Celebrations in Yerevan marking the 30th anniversary of Armenian independence

Armenia Marks Anniversaries of Independence and Disastrous Attack


YEREVAN – Armenia marks two historically significant anniversaries this week: thirty years of independence from the USSR on Tuesday, September 21, and the start of last year’s Azerbaijani invasion, on September 27.

September 21 marks the 30th anniversary of a fateful referendum in 1991 in which Armenians voted overwhelmingly in favor of regaining sovereignty from the USSR. The Armenian Supreme Soviet – by then already renamed the National Assembly — formalized the results of this referendum two days later on September 23 when it declared the independent Republic of Armenia. The Supreme Soviet had already declared Armenia’s independence in August of 1990.

Despite this year’s event coinciding with the 30th anniversary of this historic event, the traditional celebration schedule usually reserved for the quinquennial, which involves a military parade, concerts, and a massive fireworks display, was considerably toned down given its close proximity to the more somber anniversary of the Second Artsakh War. Indeed, the impending 30th anniversary celebrations became a bitter subject of debate among Armenians in the runup to last Tuesday with some calling for the event to be cancelled all-together out of respect for the victims of last year’s brutal Azeri invasion. Others, however, argued that the sacrifices of Armenia’s defenders made the celebration of independence that much more potent.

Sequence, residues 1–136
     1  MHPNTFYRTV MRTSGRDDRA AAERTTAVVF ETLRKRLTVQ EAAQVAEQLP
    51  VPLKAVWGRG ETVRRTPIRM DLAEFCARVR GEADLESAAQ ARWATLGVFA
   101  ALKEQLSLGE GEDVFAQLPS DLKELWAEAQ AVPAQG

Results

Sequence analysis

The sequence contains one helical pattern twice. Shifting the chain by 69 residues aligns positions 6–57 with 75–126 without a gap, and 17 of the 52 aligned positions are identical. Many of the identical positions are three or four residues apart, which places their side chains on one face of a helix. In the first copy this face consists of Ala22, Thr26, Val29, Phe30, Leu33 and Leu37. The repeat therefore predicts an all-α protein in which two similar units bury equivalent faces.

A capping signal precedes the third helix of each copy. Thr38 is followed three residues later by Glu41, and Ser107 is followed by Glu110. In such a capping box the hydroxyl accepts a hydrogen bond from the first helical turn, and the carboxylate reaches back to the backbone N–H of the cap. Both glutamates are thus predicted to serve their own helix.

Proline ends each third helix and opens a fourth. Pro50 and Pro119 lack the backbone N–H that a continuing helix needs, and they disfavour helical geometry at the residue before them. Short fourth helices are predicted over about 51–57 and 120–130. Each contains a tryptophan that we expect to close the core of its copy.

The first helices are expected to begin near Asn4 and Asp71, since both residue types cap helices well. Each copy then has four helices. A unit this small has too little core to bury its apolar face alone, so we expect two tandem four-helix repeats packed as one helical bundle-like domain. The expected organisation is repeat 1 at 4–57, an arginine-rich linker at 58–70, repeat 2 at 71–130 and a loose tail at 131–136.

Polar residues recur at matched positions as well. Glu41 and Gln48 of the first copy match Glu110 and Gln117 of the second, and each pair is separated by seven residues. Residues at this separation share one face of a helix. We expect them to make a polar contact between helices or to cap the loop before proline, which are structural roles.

Bitter divisions aside, the events of the September 21st celebrations apparently moved both detractors and proponents with its somber, and respectful tone. Dispensing with the usual fanfare, this year’s anniversary included a beautiful open air concert by the Armenian State Ballet which performed interpretive dances evoking scenes from Armenia’s modern history, accompanied by classical and traditional hymns by the Armenian philharmonic Orchestra. The outer walls of Yerevan’s imposing Republic Square served as a canvas on which colorful Armenian national symbols were projected.

The anniversary celebration was formally dedicated to the memory of the martyrs of the 2020 War, and this fact was not ignored by the Prime Minister. In a speech inaugurating the concert, Pashinyan said “The burden of the 44-day war in 2020 is hovering over this square, and perhaps this circumstance is the symbol of the crossroads that the great Tumanyan spoke about.” Speaking of the victims of the war, “They fell so Armenia could live on, they fell so Artsakh could live on. And as long as Armenia lives, as long as Artsakh lives, they are alive,” Pashinyan added. The mrime minister also announced the formation of a memorial park on the site of Yerevan’s Botanical Garden to immortalize the fallen soldiers.

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Below the podium, several rows of trees, wrapped in Armenian flags, were scheduled to be replanted at the botanical garden. Invoking yet again the theme of rebirth from death, Pashinyan stressed that the new park would not be a cenotaph, but a place where “children will be able to run around, have fun, and make noise.”

President Armen Sarkissian, Armenia’s nominal head of state, also attended the concert. Earlier in the day, he had presented medals to servicemen who had served with distinction during last year’s war. “The roots of statehood lie in unity, solidarity and national accord,” Sarkissian told guests.